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Castles of Mad King Ludwig, Massilia and Concordia Britannia

Surya Van Lierde is pure Eurosnoot and proud of it!
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Castles of Mad King Ludwig
Ted Alspach spends a lot of time on development of his games, and you can tell from this design. It is very, very streamlined, with very simple and short rules.
The game has quite some Suburbia in it. It also has tiles which you can buy for a varying price, the tile you buy gives you points and additional points according to what other tiles are adjacent or elsewhere in your castle. Very similar indeed. What is quite different is the I-split-you-choose mechanism which we know from games like San Marco. Except here you don't make sets, you determine prices. You want to make things expensive so the other players pay you lots of money. But if you make it too expensive, they will buy something cheaper. And you want to make the tiles you want cheap, but not so cheap the other players will snatch them from under your nose.
It all works great together and it plays very nicely and quick. I'm not sure if this is as good as Suburbia, but it certainly is a very solid design.

Initial rating: 7.2/10
BGG scale: 8/10

Massilia
This game has quite some history to it, but I wasn't all that involved. All I knew was that I quite liked Vanuatu and that I would see what he did next. And this is what he did next.
First off: O!M!G! this game has some of the worst iconography in the universe. Even after knowing what they meant I couldn't make sense of them. And I'm one of those crazy people who just loves the icons in Race for the Galaxy!
This is essentially a buy-low-sell-high game. The prices of the commodities fluctuate in a predictable manner so the trick here is to make sure you have enough money to buy the cheap stuff and to stick it out until your merch reaches it's highest value.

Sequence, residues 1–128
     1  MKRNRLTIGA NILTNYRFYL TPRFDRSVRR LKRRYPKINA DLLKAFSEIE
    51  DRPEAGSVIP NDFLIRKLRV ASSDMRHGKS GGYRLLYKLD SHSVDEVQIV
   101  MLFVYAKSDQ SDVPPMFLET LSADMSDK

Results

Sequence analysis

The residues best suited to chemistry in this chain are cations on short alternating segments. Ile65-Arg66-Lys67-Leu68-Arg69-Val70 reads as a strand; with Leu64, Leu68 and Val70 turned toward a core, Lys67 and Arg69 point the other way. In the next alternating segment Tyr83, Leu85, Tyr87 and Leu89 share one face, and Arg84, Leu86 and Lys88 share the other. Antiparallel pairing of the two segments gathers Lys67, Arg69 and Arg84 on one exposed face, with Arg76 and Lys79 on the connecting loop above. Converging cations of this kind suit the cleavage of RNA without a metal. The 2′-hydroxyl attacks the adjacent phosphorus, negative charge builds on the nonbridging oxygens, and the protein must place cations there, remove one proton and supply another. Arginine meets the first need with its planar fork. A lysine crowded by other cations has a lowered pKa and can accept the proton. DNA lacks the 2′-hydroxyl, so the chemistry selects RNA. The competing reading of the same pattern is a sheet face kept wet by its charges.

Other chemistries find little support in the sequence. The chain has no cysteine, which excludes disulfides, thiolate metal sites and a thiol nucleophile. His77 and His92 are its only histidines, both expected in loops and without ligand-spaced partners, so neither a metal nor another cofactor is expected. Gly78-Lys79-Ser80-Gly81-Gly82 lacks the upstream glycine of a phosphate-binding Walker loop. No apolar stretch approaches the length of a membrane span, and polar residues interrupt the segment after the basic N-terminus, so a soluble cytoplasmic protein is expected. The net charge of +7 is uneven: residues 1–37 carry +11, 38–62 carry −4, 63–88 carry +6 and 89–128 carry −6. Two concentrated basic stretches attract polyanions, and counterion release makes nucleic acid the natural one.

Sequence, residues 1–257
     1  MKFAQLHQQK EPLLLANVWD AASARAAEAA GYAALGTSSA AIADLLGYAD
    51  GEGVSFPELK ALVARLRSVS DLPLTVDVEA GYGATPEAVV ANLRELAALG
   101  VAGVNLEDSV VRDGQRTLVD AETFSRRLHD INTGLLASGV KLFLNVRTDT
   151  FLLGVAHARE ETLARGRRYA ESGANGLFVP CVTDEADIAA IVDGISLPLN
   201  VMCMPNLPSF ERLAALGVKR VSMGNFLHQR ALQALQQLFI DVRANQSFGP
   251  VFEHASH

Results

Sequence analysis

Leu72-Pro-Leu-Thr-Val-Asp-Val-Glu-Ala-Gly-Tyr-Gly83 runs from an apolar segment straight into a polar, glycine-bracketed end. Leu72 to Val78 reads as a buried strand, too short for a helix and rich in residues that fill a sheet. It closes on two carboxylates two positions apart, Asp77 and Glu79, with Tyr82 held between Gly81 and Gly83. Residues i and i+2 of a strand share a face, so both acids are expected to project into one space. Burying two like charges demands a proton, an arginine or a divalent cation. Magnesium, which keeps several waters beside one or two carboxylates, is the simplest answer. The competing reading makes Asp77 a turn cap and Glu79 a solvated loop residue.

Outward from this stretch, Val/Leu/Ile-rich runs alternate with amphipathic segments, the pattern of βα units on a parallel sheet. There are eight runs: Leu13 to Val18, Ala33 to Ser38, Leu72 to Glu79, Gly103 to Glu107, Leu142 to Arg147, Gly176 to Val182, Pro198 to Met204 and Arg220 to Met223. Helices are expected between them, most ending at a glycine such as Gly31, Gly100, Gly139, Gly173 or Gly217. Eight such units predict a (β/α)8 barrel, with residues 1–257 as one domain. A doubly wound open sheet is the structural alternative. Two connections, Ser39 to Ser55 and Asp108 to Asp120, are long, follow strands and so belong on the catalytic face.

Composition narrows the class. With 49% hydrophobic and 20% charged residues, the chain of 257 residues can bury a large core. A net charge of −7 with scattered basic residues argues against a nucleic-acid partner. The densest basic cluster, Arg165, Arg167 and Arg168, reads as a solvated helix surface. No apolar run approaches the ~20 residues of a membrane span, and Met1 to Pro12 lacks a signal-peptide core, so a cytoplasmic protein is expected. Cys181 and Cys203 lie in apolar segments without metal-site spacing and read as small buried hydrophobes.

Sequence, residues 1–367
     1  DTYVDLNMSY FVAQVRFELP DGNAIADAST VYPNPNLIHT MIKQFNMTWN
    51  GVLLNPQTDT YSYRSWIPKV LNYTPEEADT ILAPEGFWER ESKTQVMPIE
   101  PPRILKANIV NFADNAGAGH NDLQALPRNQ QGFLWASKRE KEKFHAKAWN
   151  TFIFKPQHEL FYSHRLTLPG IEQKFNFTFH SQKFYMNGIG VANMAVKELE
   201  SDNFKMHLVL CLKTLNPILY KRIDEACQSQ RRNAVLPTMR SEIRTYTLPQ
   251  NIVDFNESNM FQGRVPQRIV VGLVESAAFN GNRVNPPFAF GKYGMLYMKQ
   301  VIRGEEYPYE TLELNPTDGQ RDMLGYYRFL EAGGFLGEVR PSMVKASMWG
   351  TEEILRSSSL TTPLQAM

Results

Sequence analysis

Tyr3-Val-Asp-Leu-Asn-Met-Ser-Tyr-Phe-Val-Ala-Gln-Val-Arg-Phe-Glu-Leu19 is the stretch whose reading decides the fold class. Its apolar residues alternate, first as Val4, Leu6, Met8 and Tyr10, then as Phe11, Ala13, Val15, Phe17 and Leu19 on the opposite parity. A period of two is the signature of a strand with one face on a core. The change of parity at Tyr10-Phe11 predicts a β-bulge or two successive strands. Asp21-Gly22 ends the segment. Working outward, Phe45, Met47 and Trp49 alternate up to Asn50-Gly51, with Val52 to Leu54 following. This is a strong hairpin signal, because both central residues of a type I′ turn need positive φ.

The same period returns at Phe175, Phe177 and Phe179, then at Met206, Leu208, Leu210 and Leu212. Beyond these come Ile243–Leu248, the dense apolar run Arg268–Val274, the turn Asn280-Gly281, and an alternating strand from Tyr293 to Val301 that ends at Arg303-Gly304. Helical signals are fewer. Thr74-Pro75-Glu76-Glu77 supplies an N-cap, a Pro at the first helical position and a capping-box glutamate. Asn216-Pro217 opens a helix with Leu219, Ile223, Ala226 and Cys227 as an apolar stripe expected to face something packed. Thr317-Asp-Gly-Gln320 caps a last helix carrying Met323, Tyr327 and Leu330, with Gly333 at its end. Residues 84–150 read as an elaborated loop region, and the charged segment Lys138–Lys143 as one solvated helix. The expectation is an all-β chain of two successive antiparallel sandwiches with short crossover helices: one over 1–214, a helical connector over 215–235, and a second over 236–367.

There are 4 colors of dice and they all perform a certain action. But manipulating them is easy but comes at a cost: penalty points. Nice mechanism.
It all works quite fine. But it didn't get my juices flowing. It all felt like the designer had some basic concept that worked fine but didn't have any soul so he added some twists and stuff but the total is less than the sum of it's parts. It's not horrible but I found it a bit disappointing.

Initial rating: 5.5/10
BGG scale: 5/10

Concordia: Britannia & Germania
The Britannia side of this expansion doesn't do anything new with the game except that it splits the starting positions of land and sea colonists. The graphic representation of the prefect tiles is also different. But it doesn't add any new rules or twists.
What it does do is it has a very compact map with less provinces and cities. This makes for a very competitive and tight game even with 3 players. Good stuff!

Initial rating: 8.5/10
BGG scale: 8/10
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Wed Nov 12, 2014 3:41 pm
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Aquasphere, Pay Dirt and Bugs in the Kitchen

Surya Van Lierde is pure Eurosnoot and proud of it!
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AquaSphere
Yes, I'm a bit of a Feld fanboy. I'm not ashamed of that. Some people don't like his games, and that's OK, but I don't see why being a fan of his is looked down on by some. End rant
Each time he creates a new game we wonder what the new clever mechanism is going to be. There's no big central innovative mechanism in this game that stands out like in most of his big games of previous years. But that's not a problem at all. This game combines a whole bunch of things that aren't all that new in and of themselves but it's all done a bit different. The way in which you program your future moves is quite neat and a nice challenge to master.
I must say that even though I didn't do well at all, I quite enjoyed this game.

Initial rating: 7.5/10
BGG scale: 8/10

Pay Dirt
Dig up gold, move it, clean it, sell it for money or keep it as points. Use money to bid for new tools and work force to get more efficient in getting that gold... There's been many mining games and usually the main idea is the same, and this one follows that line as well. Yet, all of them go at it slightly different.
I enjoy engine building/optimization games and this one works fine. I enjoyed playing it. I only have one complaint: some of those damned event cards are very tough and while you can take some measures to avoid them you can't stop all of them and I can imagine some of them might be pretty detrimental. I had the chance of shoving a really annoying one to the main competitor for the win, and it bogged his last turn down quite a bit and I won. I don't think it would have mattered in this case, but if the game was closer, it could have.

Initial rating: 6.7/10
BGG scale: 7/10

Bugs in the Kitchen
This is a very light and silly family game with no depth whatsoever. If you play it for what it is, you can enjoy yourself. But it's not a great game by any measure. It's more of a fun pastime.

Initial rating: 6/10
BGG scale: 6/10
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Tue Nov 11, 2014 8:43 pm